Until she heard other council members’ concerns, Lee said she initially considered retaining $200,000 for MVB’s visitor education.

“However, I believe that MVB has the ability to work with their wide network of resources to make up for some of those reductions,” said Lee, who eventually voted in favor of the cuts, with reservations.

A longtime council member who recently returned to office, Lee said that even in the early ’90s “it was already evident” that the county was overreliant on tourism, but there was still a rather strong agricultural industry to offset some of that dependence.

She said MVB has recognized the danger that an overabundance of visitors can cause and had sought to attract the free-and-independent tourist demographic instead of larger groups. MVB “also added a cultural component to their messaging to emphasize the importance to respect the culture,” Lee said. However, over time, demand spurred by cheap air fares, additional flights to Maui and a rapid rise in short-term rentals led to more tourism.

“The MVB cannot be solely expected to halt the exponential growth of visitors,” Lee said. “Today’s council sees their role as doing their part to manage and coordinate messaging and activities with the industry so that the visitors are more informed and respectful of our community and our residents.”

Sherry Duong, executive director of the Maui Visitors Bureau, said while it is “unfortunate” that the cut comes as the island attempts to recover from “the pandemic’s devastating economic impacts,” it did not come as a surprise, considering the steady reductions in tourism funding over the past three years.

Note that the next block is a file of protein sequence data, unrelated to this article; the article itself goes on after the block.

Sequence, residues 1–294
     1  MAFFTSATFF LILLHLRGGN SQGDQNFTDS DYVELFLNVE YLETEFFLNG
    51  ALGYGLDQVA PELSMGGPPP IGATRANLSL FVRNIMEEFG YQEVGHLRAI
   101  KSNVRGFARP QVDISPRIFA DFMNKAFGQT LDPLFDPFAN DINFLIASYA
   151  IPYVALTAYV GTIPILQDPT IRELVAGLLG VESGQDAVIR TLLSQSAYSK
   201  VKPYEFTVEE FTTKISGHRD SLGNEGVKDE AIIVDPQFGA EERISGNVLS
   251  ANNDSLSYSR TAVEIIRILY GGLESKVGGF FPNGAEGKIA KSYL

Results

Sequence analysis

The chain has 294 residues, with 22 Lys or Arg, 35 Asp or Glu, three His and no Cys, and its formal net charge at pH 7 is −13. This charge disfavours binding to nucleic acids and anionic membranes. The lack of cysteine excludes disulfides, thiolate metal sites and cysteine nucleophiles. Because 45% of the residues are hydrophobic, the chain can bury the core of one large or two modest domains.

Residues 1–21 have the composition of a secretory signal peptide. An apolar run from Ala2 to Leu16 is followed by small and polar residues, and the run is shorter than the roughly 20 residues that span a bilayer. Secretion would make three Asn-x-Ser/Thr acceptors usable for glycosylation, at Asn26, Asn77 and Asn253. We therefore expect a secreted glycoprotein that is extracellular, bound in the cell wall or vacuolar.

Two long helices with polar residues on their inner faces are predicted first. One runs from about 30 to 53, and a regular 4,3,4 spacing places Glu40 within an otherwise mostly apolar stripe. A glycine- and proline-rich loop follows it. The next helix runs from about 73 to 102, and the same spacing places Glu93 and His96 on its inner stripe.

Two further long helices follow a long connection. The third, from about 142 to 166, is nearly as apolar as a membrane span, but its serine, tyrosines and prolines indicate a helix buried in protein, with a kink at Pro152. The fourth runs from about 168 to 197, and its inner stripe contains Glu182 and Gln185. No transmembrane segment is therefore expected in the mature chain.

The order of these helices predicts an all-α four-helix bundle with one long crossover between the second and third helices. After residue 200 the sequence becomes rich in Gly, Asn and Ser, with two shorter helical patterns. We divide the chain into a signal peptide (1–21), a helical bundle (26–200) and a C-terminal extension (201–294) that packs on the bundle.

In 2018, the county’s grant to MVB was $4 million, the highest amount given to any county visitors bureau in the state. In 2019, the council pared that to $3 million. Even then, it was still the most allotted to a visitors bureau, according to a Maui News review of other counties in 2020.

Last year, the council adopted a $1.5 million appropriation for MVB in the fiscal year 2021 budget, with $200,000 of that to go toward visitor education. Victorino’s budget for fiscal 2021 had originally proposed $3.5 million for MVB.

Duong said that the proposed cut will make it more difficult for officials to follow up on the success of the ongoing Kuleana campaign, which educates visitors on do’s and don’ts; the Malama Hawaii program, which encourages visitors to volunteer and give back; and the Maui Nui Destination Management Action Plan visitor education programs.

The Maui Nui plan has been put together and implemented by Maui County staff, the Hawaii Tourism Authority and MVB, along with Maui, Lanai and Molokai community members, she said.

Duong said that the bureau will wait to see what the tourism management grant criteria entail before deciding whether to apply for the $500,000.

“We are hopeful that we can play a part going forward in continuing the progress that had been started in the tourism management area,” Duong said.

Once the committee produces its version of the budget, the proposal will move on to the full council. A first reading of the budget is set for the May 21 council meeting, with second and final reading scheduled for June 4.

The new fiscal year begins July 1.

* Melissa Tanji can be reached at mtanji@mauinews.com.